Today is my mom's birthday. I got to do lunch with her this afternoon, and now she is spending time at my cousin's house who recently lost her husband. My mom is helping with dinner, cleaning up dishes, playing games with children, getting jammies on, reading bedtime stories. When I heard my mom was spending her birthday evening helping someone else out, I wasn't surprised. Not in the least bit.
My mom and I are the exact same personality types (ESFP) which means that when I was growing up we would sometimes butt heads. Have you ever tried arguing with yourself? It's exhausting! You don't get anywhere!
As I've grown, though, I have been so pleased to see some of my mom's qualities in me. I got from her my work ethic, my competitive spirit, my loyalty to family and friends. (I also got from her my driving record, my fear of missing out, and my intense sweet tooth.)
When my dad died unexepectedly, my mom's world was completely turned upside down. He had just sold his medical practice and they were planning to go on an LDS mission together in six months. In a moment, all of my mom's plans for the future changed.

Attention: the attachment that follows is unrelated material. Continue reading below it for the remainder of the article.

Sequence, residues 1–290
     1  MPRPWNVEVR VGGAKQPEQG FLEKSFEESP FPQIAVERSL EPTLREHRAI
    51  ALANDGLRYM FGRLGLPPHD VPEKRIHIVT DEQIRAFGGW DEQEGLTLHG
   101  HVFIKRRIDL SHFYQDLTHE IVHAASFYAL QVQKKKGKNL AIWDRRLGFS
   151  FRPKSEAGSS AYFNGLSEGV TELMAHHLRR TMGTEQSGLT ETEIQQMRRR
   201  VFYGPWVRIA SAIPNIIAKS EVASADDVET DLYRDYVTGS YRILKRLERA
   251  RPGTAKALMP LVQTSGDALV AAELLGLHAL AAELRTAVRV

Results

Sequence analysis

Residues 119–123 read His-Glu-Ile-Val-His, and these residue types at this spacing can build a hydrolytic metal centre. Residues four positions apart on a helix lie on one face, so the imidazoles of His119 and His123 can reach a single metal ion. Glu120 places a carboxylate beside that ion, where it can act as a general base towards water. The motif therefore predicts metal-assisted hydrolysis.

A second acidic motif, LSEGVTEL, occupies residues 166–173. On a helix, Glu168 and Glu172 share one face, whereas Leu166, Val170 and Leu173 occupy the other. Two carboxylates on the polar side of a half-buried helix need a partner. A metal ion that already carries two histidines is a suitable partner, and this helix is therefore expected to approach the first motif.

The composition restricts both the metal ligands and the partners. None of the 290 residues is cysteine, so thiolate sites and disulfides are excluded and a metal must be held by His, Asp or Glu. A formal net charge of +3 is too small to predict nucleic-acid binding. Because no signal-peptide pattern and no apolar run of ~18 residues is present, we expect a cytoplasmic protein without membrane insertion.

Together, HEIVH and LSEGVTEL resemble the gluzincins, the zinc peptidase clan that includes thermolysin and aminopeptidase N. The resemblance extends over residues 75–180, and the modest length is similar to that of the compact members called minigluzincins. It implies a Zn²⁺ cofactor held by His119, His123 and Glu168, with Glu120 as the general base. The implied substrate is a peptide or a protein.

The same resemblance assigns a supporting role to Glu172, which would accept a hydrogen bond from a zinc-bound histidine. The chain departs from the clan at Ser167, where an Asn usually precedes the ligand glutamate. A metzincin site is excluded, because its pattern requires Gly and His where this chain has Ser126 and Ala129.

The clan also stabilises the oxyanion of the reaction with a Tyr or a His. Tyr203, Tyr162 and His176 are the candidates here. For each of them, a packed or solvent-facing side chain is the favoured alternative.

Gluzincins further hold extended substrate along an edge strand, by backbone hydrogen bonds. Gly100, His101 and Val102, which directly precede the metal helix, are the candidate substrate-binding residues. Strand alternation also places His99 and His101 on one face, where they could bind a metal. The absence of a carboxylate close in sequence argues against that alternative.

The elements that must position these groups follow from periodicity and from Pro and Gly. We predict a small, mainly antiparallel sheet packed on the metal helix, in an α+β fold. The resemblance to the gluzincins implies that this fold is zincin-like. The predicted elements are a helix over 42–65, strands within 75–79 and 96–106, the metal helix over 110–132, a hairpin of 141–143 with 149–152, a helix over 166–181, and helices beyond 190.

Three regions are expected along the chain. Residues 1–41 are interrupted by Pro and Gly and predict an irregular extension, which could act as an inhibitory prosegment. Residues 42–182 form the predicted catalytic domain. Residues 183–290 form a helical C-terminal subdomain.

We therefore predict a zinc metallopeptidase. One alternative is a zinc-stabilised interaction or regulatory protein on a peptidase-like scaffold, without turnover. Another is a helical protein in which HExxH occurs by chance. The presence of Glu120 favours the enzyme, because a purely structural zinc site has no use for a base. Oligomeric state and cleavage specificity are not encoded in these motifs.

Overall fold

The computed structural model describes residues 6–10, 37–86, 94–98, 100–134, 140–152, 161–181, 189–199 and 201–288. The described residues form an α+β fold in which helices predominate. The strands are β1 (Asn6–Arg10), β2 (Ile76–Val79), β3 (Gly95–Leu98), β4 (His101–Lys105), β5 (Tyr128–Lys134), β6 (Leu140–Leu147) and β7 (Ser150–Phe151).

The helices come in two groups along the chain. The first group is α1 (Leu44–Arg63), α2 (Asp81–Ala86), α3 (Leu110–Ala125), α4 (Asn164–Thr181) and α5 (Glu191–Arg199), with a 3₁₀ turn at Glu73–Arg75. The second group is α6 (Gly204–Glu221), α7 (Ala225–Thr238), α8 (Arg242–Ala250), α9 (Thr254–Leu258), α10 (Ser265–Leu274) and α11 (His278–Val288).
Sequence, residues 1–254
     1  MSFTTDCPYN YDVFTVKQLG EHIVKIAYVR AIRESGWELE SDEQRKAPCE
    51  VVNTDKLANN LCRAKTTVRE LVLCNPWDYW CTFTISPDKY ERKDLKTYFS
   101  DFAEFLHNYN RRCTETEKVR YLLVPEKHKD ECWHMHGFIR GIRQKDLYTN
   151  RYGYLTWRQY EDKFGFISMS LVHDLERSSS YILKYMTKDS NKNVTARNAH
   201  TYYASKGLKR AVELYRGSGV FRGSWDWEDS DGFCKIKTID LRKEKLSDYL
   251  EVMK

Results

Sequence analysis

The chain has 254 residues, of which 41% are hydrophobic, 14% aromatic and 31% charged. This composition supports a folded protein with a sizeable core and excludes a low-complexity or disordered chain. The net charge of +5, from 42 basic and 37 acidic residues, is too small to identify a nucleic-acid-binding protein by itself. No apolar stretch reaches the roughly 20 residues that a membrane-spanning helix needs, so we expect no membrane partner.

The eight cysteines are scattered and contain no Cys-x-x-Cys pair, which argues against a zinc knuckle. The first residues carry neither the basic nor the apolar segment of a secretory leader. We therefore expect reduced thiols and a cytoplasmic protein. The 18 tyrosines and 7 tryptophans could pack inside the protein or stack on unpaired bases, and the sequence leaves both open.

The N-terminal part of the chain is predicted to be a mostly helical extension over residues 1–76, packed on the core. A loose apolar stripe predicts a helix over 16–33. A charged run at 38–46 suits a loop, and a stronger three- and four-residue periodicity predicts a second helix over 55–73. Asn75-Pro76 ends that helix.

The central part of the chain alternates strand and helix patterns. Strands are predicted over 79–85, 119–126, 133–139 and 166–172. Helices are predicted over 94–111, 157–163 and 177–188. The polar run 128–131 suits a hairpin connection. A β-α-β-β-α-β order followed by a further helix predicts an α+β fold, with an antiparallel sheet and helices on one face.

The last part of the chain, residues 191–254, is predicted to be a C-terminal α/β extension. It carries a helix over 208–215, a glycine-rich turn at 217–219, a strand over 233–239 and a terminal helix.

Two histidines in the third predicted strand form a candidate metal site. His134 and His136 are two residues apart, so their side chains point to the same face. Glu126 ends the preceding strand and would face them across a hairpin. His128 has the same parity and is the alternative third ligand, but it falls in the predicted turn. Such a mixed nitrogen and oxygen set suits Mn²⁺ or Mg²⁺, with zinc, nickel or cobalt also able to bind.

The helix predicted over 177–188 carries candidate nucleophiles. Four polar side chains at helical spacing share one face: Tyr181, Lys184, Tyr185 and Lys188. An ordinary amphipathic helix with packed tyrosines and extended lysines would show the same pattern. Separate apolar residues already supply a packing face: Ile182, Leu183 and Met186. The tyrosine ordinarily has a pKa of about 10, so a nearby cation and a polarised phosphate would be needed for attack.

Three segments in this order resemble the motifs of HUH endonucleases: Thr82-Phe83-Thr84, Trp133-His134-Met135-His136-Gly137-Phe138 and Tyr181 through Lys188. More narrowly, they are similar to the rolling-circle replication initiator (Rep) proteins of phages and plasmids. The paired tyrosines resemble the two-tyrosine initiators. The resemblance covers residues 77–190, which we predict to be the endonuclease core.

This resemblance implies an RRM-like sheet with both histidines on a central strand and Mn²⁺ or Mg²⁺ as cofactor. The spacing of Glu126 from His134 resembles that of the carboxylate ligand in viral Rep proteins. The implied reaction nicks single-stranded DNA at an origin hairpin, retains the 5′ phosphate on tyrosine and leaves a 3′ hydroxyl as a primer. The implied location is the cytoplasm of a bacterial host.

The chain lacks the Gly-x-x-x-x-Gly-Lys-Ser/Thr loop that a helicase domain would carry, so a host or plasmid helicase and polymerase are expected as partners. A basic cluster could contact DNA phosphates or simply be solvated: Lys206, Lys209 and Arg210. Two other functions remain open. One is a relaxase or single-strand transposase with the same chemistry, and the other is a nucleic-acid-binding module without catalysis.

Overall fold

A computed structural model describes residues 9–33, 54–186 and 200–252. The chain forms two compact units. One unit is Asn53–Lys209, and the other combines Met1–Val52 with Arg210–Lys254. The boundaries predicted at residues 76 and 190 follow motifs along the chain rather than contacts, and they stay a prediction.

I think it would have been really easy for my mom to feel sorry for herself. That kind of grief can be crippling for some. People would say to my mom "Your husband's mission is now in heaven" and I remember my mom telling me, "Yes, but what about me? What about my mission?"
In those months and years since my dad died, I have watched my mom devote her life to serving others. She has volunteered to help missionaries who were struggling to read. She works in an LDS temple. She serves in her neighborhood. She makes huge pots of soups and took dinner to people who just moved in, people who just had a baby, people who were struggling or sad. She spends lots and lots of time with her grandchildren. She started a book club with other ladies her age who don't have husbands. She fills her life with others and with others' needs. (Oh, and she goes on a tropical vacation once a year with her other single friends. She never forgets to have fun!)
I'm so grateful to look at my mom and the way she has always lived her life, but especially the way she has lived her life in the wake of my dad's death. I believe strongly in the power of serving amidst our own suffering. My mom has been the greatest example of it that I could hope for. Her life is filled with the concerns and needs of others and I love her for it. I love her for showing me the way. For showing me how to think about others.
For showing me how to be strong.
Other posts about my mom are here and here. She is so great.
(I am moving book club to next Wednesday, November 18. That means you still have time to read "And Then There Were None." Can't wait to hear your thoughts on it!